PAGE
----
The West

Anzac spirit runs in family
Anzac spirit runs in family

When the call to serve went up after World War I broke out, Jock Williamson put up his hand.

Like so many other young men who sailed for foreign shores between 1914 and 1918, he met head-on unimaginable danger and hardship at Gallipoli and the Western Front.

The deeds of Jock Williamson and his mates helped forge what has become known as the Anzac spirit.

And his son Jim said he was appreciative to be going to Gallipoli for Anzac Day next year on the 100th anniversary of the first landings to honour that spirit after being successful in the national ballot, which was finalised yesterday.

Records show 42,273 valid applications were received for 10,500 places, of which 8000 went to Australians, 2000 to New Zealanders and 500 reserved for official guests.

Of this, 400 double passes went to Australian direct descendants of those who had served at Gallipoli, 400 double passes to defence force veterans and 3000 double passes to the general public.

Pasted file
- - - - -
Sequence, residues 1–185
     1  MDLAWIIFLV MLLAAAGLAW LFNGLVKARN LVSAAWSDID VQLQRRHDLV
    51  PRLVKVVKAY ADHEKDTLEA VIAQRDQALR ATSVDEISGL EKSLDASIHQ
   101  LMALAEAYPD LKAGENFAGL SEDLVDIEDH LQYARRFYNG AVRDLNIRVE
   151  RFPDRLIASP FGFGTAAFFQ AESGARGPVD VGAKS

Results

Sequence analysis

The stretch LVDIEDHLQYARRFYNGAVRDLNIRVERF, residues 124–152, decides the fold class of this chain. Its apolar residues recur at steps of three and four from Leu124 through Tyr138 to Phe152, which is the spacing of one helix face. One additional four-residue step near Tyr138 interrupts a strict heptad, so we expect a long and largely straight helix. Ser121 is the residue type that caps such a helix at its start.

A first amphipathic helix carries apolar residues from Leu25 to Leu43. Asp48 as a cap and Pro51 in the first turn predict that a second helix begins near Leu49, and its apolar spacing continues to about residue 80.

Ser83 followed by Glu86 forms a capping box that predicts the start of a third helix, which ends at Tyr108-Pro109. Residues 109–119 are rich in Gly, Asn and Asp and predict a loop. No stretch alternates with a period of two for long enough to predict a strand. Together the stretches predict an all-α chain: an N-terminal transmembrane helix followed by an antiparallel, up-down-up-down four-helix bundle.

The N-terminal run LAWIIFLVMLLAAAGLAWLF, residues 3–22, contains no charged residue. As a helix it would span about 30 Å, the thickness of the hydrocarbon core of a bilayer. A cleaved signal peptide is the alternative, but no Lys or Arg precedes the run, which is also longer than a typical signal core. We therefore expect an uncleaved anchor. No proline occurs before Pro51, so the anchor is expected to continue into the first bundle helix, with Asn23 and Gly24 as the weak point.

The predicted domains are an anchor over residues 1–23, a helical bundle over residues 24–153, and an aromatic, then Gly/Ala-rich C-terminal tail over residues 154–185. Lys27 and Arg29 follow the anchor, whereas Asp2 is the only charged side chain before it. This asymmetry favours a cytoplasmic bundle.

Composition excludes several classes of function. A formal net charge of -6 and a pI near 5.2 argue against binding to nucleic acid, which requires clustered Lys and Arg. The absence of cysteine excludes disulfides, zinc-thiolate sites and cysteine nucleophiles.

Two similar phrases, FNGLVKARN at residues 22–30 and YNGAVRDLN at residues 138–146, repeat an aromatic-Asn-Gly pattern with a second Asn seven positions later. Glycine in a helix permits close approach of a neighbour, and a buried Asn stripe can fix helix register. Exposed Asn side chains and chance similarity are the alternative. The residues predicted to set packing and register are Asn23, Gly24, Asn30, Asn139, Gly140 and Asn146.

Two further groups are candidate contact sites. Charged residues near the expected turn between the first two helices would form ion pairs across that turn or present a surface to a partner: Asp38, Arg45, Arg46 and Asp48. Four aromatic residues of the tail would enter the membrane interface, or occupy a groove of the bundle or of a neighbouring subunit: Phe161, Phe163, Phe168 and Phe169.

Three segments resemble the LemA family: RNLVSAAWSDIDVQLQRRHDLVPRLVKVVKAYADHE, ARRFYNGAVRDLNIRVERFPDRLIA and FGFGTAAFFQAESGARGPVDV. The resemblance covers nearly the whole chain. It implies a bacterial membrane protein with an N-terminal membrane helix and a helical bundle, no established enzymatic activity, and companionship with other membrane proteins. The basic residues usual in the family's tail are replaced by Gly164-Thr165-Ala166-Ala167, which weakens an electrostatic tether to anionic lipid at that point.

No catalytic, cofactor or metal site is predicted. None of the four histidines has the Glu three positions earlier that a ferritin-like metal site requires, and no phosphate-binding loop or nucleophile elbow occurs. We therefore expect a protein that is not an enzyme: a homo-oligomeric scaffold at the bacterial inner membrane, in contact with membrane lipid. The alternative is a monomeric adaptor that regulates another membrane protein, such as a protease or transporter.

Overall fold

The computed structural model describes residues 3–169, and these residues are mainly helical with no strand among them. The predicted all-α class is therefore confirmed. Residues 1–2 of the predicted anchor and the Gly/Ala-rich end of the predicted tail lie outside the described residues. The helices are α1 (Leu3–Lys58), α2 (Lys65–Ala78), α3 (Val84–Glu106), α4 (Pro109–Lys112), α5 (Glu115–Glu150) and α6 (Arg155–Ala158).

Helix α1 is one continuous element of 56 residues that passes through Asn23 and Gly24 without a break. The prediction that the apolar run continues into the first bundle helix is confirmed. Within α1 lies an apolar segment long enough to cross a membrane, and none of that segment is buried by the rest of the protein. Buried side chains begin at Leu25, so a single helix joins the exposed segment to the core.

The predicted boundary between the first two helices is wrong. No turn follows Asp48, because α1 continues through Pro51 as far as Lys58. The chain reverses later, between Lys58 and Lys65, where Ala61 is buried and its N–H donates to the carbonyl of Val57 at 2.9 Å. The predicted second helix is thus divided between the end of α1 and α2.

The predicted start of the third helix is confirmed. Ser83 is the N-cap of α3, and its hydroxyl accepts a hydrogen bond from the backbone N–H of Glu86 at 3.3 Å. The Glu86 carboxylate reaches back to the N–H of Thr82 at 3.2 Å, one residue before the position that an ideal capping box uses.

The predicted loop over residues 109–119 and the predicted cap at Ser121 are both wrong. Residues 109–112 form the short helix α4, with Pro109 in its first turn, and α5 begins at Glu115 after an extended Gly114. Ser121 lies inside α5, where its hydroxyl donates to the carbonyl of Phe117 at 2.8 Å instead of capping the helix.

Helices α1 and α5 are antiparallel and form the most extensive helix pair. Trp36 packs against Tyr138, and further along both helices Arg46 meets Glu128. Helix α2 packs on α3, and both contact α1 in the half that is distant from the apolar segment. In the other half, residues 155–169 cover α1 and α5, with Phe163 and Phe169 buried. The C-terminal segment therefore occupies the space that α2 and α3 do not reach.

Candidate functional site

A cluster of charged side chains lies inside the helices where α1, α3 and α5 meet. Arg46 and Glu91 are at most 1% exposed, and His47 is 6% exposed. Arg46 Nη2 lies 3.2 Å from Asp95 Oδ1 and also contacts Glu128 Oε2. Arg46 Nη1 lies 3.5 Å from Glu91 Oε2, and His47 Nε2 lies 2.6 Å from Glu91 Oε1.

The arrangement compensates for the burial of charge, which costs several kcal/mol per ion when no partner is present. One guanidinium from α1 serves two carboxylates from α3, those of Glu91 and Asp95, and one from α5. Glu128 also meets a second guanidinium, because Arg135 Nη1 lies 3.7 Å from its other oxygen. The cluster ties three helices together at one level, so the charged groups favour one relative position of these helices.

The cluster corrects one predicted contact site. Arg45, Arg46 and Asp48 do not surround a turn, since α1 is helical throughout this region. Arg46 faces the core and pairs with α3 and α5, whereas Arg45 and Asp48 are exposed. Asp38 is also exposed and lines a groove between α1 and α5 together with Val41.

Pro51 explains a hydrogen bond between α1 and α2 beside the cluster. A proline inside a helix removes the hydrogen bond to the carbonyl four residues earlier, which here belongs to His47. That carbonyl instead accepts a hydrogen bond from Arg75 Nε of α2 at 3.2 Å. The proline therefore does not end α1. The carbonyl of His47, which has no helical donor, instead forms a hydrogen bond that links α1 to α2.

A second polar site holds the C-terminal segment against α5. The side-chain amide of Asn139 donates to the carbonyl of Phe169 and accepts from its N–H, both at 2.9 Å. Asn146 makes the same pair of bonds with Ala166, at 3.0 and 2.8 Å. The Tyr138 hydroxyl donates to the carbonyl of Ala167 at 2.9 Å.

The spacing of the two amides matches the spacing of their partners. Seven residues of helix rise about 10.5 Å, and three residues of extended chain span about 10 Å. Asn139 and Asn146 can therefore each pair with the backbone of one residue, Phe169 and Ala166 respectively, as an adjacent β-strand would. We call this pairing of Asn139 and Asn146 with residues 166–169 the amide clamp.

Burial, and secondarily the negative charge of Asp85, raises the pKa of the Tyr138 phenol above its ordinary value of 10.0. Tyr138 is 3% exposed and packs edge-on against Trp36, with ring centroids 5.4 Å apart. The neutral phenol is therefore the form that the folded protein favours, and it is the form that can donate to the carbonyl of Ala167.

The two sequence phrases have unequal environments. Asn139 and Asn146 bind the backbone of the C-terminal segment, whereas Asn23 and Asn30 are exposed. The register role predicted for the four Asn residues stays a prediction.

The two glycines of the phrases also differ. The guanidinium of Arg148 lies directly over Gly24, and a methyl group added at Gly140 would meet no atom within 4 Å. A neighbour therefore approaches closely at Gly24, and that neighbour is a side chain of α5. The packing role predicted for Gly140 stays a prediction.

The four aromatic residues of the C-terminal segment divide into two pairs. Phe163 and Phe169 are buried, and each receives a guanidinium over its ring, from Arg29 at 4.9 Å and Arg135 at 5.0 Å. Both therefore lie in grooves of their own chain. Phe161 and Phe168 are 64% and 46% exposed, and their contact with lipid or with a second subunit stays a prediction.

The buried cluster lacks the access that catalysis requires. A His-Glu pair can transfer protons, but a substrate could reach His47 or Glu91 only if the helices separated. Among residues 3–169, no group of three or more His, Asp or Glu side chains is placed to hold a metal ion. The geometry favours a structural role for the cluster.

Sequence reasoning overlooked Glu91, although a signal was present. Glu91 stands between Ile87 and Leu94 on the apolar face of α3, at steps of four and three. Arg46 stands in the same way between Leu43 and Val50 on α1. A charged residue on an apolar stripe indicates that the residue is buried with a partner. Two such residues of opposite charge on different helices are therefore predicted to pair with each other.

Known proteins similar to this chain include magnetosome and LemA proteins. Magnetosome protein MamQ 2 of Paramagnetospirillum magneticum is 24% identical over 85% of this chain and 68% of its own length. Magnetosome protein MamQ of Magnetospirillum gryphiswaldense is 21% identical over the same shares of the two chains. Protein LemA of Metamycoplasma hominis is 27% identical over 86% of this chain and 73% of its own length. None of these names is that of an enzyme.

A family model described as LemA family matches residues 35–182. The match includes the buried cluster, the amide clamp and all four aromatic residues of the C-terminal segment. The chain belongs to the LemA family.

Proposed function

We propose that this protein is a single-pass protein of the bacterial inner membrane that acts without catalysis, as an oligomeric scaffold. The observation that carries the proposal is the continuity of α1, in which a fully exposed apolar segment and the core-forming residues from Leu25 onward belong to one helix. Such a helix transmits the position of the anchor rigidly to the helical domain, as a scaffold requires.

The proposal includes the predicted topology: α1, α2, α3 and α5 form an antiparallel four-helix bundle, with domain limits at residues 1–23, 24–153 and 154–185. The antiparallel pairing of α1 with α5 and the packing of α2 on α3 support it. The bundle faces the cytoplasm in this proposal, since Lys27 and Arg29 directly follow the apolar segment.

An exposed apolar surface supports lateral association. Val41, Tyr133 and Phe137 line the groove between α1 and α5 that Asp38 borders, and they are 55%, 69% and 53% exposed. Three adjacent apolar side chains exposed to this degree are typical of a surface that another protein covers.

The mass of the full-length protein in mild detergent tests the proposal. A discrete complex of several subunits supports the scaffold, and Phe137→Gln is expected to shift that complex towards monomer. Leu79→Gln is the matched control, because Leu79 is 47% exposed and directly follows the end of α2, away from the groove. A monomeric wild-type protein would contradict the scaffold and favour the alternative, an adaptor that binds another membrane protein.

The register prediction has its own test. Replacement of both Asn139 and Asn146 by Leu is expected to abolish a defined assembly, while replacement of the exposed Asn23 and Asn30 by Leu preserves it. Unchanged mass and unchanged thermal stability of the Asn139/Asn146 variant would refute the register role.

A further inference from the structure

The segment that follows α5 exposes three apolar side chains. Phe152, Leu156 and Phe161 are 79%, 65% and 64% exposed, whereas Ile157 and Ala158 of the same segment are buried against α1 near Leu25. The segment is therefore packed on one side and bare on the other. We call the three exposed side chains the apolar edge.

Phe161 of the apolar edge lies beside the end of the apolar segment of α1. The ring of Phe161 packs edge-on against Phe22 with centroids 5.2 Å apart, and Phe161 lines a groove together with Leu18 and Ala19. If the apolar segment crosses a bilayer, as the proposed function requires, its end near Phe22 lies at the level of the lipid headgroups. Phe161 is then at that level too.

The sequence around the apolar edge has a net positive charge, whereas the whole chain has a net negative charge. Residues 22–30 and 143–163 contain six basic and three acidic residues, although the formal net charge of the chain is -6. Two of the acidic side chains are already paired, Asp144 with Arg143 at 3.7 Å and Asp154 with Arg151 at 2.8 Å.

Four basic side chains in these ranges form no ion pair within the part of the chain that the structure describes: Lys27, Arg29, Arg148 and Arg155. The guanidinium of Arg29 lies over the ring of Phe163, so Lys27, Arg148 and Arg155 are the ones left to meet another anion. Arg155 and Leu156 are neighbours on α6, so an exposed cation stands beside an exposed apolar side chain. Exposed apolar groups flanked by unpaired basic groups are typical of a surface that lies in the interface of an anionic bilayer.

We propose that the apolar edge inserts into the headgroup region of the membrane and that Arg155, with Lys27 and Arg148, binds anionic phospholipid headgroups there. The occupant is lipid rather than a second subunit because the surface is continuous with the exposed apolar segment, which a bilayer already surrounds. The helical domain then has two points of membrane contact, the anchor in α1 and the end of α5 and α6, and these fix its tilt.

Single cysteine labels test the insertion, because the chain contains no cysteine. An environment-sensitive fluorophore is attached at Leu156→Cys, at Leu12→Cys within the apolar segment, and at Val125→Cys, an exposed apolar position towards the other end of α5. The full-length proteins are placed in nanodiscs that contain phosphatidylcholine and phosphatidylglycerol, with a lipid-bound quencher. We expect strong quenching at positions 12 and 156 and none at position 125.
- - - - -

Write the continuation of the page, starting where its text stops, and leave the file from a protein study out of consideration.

Another 400 places were for secondary school students and chaperones outside the ballot, with places also reserved for widows of WWI veterans.

Jim Williamson, of Carlisle, who served in the air force in Vietnam in 1969-70, said his father was in the 16th Battalion and had landed at Gallipoli in July 1915.

Wounded in a shoulder in September, he was evacuated to hospital before rejoining the battalion to see action on the Western Front.

Jock Williamson was awarded the Military Medal, captured and made two escape bids before he was released at the end of the war.

Jim Williamson said his father died in 1965 and had never spoken much about the war.

However, his family always understood the lasting significance of what he had achieved.

The West Australian

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